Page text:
La Fille de Mme Angot   (Lecocq)    (Etcheverry;  Henri Legay, Claudine Collart)      (Malibran 728)
Item# OP2034
$19.90
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Product Description

La Fille de Mme Angot   (Lecocq)    (Etcheverry;  Henri Legay, Claudine Collart)      (Malibran 728)
OP2034. LA FILLE DE MME ANGOT (Lecocq), Broadcast Performance, 1957, w.Etcheverry Cond. Claudine Collart, Henri Legay, Mathilde Casadesus, Robert Lilty, René Bourbon, Jacques Charon, etc.; HENRI LEGAY: Operetta Arias by Lehár, Johann Strauss, Millöcker, Messager & Varney. (France) Malibran 728. - 7600003777288

CRITIC REVIEWS:

"Of the fifty or so stage works written by Lecocq he is best remembered for his contribution to opéra-comique. It is to this genre that this disc is dedicated. Of the stage works LA FILLE DE MME ANGOT is the most famous and was the most popular.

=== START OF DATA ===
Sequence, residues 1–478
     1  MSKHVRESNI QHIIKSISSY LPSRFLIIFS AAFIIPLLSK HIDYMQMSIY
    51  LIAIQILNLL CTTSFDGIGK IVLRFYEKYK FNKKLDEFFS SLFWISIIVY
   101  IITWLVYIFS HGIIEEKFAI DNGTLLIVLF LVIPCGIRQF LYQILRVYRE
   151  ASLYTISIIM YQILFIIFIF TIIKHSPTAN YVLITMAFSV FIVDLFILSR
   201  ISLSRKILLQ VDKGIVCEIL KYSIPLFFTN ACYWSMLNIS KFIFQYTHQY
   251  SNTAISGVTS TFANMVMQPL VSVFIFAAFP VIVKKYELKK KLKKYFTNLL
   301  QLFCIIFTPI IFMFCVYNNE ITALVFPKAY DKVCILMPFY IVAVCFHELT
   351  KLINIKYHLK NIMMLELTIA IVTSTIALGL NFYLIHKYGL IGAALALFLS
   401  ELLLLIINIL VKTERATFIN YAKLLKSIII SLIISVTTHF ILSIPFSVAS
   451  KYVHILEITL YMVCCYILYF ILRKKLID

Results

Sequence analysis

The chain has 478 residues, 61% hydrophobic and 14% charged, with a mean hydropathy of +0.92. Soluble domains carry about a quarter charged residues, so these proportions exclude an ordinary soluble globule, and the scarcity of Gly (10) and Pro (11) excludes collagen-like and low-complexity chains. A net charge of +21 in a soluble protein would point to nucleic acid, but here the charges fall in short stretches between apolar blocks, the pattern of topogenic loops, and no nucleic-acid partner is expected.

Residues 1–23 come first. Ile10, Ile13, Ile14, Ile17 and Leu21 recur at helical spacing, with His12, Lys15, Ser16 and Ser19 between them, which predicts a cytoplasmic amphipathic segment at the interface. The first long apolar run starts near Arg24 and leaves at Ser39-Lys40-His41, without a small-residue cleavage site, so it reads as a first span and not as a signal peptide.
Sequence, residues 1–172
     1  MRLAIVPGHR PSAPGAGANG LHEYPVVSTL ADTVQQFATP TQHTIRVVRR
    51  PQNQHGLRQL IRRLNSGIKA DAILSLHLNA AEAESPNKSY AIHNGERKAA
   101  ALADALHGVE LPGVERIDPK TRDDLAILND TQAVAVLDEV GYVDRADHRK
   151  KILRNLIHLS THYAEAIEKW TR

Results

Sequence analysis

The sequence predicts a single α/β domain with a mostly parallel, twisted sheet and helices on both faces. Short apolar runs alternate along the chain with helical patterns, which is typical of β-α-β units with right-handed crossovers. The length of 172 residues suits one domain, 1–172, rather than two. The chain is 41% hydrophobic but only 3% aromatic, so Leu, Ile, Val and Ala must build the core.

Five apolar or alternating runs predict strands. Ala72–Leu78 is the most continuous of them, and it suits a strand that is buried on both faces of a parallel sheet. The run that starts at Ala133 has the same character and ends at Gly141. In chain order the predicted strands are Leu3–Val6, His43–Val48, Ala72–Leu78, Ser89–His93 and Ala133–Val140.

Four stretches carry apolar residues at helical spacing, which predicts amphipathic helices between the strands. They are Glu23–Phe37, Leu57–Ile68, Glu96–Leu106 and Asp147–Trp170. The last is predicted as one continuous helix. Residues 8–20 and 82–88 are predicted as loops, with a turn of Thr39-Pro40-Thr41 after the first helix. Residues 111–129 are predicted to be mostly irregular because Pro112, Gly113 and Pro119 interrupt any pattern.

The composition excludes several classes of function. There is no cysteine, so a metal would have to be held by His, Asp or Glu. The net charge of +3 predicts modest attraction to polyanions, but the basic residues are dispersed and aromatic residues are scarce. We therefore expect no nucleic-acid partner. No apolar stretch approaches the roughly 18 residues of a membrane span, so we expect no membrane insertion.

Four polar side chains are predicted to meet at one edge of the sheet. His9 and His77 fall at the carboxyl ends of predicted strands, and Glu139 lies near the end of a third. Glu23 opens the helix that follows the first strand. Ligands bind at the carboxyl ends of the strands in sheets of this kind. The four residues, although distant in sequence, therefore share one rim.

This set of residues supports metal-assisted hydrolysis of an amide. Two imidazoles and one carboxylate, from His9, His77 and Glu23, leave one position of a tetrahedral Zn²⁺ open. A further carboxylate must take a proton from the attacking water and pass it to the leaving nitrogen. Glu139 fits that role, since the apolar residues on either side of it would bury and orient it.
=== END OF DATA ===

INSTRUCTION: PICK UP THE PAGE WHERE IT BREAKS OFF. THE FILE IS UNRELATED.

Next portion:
The Parisian, Charles Lecocq grew up surrounded by the theatre life of Paris. He studied under Auber and was a contemporary of Bizet and Saint Saëns at the conservatoire there. His music is at times characteristic of Offenbach but with more inventive and less monotonous orchestrations: Lecocq was a first class melodist."

- Raymond Walker, MusicwebInternational



“Henri Legay was a French operatic tenor, primarily French-based as his light lyric voice was especially suited to the French operatic repertoire. Born in Paris, he won First Prize at the Conservatoire de Paris in 1947, and began his career singing operetta. He made his operatic début at La Monnaie in Brussels in 1950, also appearing in Lausanne. He began a long association with the Opéra-Comique in 1952, as Gérald in LAKMÉ, quickly establishing himself as one of the leading tenors of his time. He left a few recordings, LES PÊCHEURS DE PERLES, LE ROI D'YS, and most notably MANON, opposite Victoria de los Ángeles and conducted by Pierre Monteux, widely regarded as the definitive recording of Massenet's opera. Along with such early twentieth century tenors as David Devriès, Georges Thill and Léopold Simoneau, Legay represented a lost style of French operatic singing.”

- Zillah Dorset Akron